RELATED: Check current Bay Area air quality levels
Air quality can actually have serious effects on your health. If you live in San Francisco, you should keep track of the air quality by visiting https://www.sf72.org/ or following the San Francisco Department of Emergency Management on Twitter.
When the Air Quality Index is above 150, the San Francisco Health Department recommends that everyone, even healthy adults and people not usually sensitive to smoke, should take precautions by reducing prolonged or heavy exertion.
RELATED: How to make your N95 mask smaller for infants, kids
But people with heart or lung disease, older adults, children and teenagers should reduce prolonged or heavy exertion when the Air Quality Index is above just 100.
And for those interested in buying a mask to help mitigate the effects of the smoke: the California Department of Public Health advises that most regular masks, including surgical masks and dust masks, don't actually prevent inhalation of small particles or gases in smoke.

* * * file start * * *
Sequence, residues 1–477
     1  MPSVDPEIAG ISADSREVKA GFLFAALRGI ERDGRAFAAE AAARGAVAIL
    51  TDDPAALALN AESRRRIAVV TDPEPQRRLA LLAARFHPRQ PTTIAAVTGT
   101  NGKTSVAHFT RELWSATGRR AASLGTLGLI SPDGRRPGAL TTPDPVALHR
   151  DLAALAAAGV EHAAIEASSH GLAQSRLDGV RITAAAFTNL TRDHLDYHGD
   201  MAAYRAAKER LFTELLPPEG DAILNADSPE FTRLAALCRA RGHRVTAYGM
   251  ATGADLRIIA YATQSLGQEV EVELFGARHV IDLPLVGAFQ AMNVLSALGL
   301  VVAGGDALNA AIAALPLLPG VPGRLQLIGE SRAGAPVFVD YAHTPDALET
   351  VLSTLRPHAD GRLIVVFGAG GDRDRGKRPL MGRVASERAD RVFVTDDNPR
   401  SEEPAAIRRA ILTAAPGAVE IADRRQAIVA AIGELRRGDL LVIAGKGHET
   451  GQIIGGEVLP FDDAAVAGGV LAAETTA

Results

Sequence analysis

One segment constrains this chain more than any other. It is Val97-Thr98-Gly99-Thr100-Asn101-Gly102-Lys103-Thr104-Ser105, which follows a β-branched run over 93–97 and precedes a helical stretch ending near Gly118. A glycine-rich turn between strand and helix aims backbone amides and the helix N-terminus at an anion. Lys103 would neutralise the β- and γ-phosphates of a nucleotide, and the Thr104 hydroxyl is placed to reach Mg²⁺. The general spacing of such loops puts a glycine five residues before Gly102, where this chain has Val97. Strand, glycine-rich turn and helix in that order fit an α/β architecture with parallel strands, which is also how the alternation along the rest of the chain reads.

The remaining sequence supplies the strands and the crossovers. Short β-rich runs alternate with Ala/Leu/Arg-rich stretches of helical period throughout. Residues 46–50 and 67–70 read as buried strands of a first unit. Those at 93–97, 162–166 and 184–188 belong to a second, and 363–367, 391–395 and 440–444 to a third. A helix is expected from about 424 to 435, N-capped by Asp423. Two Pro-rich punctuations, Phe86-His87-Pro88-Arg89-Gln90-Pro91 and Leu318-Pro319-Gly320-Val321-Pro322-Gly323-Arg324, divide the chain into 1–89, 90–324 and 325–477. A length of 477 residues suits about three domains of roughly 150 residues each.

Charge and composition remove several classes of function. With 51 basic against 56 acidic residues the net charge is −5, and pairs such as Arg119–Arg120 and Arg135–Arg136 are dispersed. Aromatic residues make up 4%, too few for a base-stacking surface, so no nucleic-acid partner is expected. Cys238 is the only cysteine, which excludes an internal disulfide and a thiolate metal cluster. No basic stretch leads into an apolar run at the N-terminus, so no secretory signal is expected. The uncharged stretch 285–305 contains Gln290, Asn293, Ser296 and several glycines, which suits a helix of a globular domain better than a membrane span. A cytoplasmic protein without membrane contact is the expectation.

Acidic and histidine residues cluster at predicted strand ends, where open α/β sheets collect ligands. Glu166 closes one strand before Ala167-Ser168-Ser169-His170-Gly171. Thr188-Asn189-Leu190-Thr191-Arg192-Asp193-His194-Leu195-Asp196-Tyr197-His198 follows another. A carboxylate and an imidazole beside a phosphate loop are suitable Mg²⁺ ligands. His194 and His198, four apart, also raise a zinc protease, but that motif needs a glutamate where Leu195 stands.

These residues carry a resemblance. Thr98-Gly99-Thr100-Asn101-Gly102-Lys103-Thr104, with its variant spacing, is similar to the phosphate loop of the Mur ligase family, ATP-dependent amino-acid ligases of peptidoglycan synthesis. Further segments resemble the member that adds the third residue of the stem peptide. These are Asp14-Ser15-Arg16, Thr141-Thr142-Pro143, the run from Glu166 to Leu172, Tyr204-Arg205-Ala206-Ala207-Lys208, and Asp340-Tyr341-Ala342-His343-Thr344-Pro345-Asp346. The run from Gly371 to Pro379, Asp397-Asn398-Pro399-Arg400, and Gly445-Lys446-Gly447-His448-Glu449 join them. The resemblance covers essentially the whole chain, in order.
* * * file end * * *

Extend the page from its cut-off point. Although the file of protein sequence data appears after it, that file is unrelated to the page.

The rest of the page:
#DYK how to wear a respirator (mask)? A “N95," "P95," or "R95" mask is the common type to protect you from particles in smoke or ash, and are available at hardware stores and pharmacies. Learn how to properly use one here: https://t.co/yH09rfUpue#CampFire #WoolseyFire #CDPH pic.twitter.com/DRKzCRCJ4M— CA Public Health (@CAPublicHealth) November 10, 2018
But some types of masks do filter up to 95 percent of small smoke particles and are marked with one of the following: "P95," "R95" or "N95." Other masks with higher ratings -- marked "P100," "R100" or "N100" -- can filter out even more particles, according to the California Department of Public Health.
But without a good seal around the wearer's mouth and nose, these masks won't be effective. Find more information about masks here.
The Bay Area Air Quality Management District advises that masks aren't suitable for young children or men with beards.
See more stories, photos and videos on the Camp Fire in Butte County.